“The coming decades will not only be hotter but sicker.” In a new study, researchers say global warming will cause thousands of new viruses to spread between species by 2070 and create pandemics. Africa and Asia are particularly affected, but as the planet warms up, the areas at risk are multiplying, particularly in Europe.
This is an alarming study that has just been published in the prestigious journal Nature. Researchers from Georgetown University have carried out a comprehensive assessment of how climate change is impacting virus transmission between animal species. And the conclusion is clear: climate change will become in the years to come the greatest risk factor for the emergence of diseases, ahead of deforestation, the trade in wild species or industrial agriculture. Scientists estimate that by 2070, at least 15,000 interspecies transmissions should occur if the planet warms by +2°C. However, this trajectory is already optimistic since, according to a new study, we have a one in two chance of not exceeding 2°C of warming by 2100 if the commitments made by governments around the world are kept.
To reach these conclusions, the researchers analyzed the potential displacement of mammals according to climate change. The latter will indeed migrate in search of livable habitat and food in areas where they would not have gone so far. While migrating, these mammals carry diseases and come across other host animals which can themselves transmit these diseases to humans, what specialists call zoonoses. “As the world changes, so will the face of disease.“, explains Gregory Albery, disease ecologist at Georgetown University and co-author of the study. “This work provides compelling evidence that the coming decades will not only be warmer but sicker.”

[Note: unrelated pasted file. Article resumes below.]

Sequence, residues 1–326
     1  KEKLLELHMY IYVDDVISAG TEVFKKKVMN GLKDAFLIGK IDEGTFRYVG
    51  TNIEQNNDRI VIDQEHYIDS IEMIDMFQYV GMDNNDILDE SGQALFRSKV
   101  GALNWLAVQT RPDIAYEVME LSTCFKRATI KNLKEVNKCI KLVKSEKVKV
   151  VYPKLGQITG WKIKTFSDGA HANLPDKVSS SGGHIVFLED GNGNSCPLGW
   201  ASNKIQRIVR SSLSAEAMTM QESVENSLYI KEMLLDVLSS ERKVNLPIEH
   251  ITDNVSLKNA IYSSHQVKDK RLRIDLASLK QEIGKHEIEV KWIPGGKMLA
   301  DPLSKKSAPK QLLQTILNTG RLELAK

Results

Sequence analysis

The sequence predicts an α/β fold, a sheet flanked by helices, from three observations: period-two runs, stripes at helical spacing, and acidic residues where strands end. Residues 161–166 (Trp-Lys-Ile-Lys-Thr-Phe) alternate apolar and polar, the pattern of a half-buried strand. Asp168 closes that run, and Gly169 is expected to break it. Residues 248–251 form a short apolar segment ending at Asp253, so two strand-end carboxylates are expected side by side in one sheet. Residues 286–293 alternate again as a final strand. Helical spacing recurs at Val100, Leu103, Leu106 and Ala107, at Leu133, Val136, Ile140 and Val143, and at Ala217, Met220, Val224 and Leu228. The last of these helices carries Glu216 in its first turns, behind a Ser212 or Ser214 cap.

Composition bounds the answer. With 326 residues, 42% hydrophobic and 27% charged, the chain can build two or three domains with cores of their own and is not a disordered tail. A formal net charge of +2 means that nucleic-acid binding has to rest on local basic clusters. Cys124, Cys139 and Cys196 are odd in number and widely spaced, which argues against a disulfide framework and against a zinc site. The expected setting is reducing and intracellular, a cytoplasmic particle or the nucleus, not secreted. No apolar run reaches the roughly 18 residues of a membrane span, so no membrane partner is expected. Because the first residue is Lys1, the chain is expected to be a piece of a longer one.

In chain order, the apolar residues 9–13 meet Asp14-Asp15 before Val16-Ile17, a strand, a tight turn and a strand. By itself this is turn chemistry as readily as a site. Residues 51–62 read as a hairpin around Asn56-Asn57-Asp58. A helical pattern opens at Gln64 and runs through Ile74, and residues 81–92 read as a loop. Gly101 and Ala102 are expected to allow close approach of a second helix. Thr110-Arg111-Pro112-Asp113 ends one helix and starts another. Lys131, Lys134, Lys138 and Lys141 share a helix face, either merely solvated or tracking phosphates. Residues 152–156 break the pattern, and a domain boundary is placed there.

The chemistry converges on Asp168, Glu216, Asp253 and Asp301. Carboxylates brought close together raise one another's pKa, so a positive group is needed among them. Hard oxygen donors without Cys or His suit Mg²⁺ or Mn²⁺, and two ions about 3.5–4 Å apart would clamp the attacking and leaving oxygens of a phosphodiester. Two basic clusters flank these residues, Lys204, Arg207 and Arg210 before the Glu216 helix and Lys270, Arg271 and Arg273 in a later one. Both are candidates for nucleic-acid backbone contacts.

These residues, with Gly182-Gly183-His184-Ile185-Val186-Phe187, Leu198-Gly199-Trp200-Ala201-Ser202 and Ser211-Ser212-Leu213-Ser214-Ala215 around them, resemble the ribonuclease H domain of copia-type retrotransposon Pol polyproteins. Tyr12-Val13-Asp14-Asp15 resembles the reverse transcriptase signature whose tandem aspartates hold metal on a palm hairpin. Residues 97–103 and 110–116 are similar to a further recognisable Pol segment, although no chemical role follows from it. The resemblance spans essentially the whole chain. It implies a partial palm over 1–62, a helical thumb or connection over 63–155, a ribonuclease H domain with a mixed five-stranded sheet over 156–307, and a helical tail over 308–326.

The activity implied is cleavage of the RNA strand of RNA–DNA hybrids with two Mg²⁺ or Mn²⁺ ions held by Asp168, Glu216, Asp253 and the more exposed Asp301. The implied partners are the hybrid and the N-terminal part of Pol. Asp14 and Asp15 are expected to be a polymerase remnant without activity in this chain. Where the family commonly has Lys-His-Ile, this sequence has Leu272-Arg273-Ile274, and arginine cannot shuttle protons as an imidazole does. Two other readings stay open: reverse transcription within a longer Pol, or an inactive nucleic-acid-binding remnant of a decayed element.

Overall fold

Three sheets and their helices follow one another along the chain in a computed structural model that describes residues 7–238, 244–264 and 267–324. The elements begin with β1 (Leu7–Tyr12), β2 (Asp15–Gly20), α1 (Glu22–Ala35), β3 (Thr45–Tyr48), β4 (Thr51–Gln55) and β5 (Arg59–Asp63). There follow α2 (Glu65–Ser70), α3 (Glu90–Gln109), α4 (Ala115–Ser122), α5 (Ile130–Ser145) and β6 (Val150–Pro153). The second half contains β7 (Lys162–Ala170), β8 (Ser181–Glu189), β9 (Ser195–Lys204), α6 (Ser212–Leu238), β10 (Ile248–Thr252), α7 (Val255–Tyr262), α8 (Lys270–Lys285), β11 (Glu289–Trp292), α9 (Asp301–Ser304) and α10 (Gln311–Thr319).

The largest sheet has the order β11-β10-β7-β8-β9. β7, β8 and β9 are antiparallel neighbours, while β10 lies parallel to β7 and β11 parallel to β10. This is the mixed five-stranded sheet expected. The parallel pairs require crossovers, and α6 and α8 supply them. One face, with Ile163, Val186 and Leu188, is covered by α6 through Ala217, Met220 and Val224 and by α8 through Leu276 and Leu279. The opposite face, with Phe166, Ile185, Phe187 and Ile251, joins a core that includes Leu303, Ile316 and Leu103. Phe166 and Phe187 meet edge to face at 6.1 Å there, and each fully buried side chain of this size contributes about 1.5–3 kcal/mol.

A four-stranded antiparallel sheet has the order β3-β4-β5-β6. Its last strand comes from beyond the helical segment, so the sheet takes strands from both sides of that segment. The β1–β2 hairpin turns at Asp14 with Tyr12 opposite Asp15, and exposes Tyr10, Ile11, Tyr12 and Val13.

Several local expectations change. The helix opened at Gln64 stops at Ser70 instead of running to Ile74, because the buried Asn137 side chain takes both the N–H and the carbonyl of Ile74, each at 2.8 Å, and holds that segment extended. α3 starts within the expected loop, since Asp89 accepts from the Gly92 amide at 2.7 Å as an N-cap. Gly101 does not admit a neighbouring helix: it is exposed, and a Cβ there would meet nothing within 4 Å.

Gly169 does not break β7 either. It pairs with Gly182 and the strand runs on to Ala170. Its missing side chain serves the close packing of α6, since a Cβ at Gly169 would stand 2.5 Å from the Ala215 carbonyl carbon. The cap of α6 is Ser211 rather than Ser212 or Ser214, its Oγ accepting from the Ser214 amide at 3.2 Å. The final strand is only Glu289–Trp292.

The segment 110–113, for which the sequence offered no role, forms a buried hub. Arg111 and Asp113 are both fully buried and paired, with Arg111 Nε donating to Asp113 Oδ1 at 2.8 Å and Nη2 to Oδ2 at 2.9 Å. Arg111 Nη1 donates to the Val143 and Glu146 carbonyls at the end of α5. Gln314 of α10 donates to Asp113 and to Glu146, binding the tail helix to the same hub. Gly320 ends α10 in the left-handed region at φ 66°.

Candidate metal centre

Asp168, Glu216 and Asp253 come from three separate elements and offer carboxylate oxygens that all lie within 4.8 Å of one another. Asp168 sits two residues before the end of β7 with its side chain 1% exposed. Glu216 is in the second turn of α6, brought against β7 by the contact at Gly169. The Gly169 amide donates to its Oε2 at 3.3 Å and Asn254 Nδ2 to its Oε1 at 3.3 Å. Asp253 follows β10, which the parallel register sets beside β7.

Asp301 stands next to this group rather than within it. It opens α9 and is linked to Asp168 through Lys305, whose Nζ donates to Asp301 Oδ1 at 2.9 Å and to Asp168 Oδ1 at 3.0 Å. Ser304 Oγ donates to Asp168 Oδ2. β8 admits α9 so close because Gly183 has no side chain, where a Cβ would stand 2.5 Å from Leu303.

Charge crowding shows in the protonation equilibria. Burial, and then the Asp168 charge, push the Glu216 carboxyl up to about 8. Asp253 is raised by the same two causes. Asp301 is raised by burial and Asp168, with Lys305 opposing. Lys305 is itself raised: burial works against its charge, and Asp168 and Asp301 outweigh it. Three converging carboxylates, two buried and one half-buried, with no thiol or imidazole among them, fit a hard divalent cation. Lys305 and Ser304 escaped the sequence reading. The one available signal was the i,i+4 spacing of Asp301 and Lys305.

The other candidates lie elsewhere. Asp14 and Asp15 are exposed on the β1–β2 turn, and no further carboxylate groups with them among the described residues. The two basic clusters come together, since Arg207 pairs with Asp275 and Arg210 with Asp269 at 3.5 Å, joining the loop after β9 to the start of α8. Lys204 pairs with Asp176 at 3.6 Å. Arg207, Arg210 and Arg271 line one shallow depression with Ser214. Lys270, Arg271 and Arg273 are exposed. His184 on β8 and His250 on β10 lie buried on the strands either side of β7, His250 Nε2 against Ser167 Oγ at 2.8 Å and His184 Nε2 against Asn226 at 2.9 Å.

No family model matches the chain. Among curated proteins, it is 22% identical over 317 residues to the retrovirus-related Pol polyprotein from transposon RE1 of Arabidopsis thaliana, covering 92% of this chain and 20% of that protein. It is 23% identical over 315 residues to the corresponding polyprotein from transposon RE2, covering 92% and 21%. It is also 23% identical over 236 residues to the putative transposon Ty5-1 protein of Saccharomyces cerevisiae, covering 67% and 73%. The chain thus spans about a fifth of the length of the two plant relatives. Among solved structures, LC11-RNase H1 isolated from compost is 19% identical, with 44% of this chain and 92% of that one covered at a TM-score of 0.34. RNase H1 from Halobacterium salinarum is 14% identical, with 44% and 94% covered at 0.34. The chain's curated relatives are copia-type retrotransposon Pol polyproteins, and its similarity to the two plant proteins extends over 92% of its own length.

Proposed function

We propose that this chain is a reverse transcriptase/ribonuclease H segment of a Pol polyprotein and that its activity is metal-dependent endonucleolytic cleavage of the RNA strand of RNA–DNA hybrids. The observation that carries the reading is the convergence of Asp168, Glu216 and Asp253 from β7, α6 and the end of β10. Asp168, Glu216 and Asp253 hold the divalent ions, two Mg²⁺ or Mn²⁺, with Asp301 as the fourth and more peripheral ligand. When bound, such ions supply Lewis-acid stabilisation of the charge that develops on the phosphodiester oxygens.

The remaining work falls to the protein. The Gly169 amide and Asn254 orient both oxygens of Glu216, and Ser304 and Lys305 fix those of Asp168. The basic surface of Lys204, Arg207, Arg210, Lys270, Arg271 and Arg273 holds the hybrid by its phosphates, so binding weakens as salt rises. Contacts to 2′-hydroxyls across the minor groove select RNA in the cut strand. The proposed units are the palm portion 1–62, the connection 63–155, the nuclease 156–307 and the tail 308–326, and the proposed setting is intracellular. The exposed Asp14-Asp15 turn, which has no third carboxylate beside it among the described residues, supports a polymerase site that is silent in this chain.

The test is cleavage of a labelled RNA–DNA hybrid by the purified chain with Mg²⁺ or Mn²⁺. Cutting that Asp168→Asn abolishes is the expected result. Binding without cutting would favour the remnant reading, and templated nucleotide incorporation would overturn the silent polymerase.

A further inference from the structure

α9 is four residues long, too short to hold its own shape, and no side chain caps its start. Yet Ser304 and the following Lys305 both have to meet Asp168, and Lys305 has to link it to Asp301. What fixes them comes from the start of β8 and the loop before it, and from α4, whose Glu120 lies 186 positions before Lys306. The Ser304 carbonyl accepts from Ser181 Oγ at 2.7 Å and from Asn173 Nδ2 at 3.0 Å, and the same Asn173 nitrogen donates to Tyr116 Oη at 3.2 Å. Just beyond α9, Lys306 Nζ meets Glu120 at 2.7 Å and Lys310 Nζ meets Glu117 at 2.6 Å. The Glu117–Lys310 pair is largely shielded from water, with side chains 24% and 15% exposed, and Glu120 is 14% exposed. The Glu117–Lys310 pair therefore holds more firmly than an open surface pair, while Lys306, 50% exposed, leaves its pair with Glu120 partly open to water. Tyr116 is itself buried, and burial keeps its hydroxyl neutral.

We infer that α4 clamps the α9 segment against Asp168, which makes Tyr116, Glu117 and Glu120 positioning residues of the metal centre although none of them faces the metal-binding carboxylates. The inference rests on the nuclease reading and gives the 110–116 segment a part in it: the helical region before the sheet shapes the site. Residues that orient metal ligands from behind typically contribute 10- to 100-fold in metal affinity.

Hotspots all over the world
Scientists have identified “hotspots”, particularly high-risk areas that could lead to the emergence of zoonoses. The Sahel region in North Africa, the Ethiopian highlands, eastern China and the Philippines are hotspots pointed out by researchers. But some regions of Europe are also affected. The more the Earth warms up, the more the “hotspots” multiply. A process already underway with warming today limited to +1.2°C.
“We don’t monitor hotspots and that makes pandemic risk everyone’s problem. Climate change is creating countless hotspots for zoonotic risk right in our backyards. We need to build health systems that are ready for it“, advances Gregory Albery in The Guardian. For the authors of the study, the solution is to couple the surveillance of wildlife diseases with real-time studies of environmental changes.
The bat in the viewfinder
“When a Brazilian free-tailed bat travels to Appalachia, we should try hard to find out what viruses accompany it”says Colin Carlson, assistant research professor at the Center for Global Health Science and Security at Georgetown University Medical Center. “Trying to spot these “host jumps” in real time is the only way to prevent this process from leading to more spillovers (the passage of a virus from a wild animal to the human population, NDR) and to more of pandemics.” The example of bats is not trivial since the latter, due to “of their central role in viral emergence”for their ability to fly great distances, are particularly feared.
After two years of research, the Institut Pasteur also claims to have found coronaviruses close to Covid-19, a virus which triggered a pandemic and killed more than 6 million people worldwide, in the Laos bat. Last year, IPBES, the Intergovernmental Science-Policy Platform on Biodiversity and Ecosystem Services, the equivalent of the IPCC for biodiversity, calculated that of the 1.7 million undiscovered viruses currently present in mammals and birds, 827,000 might have the ability to infect humans.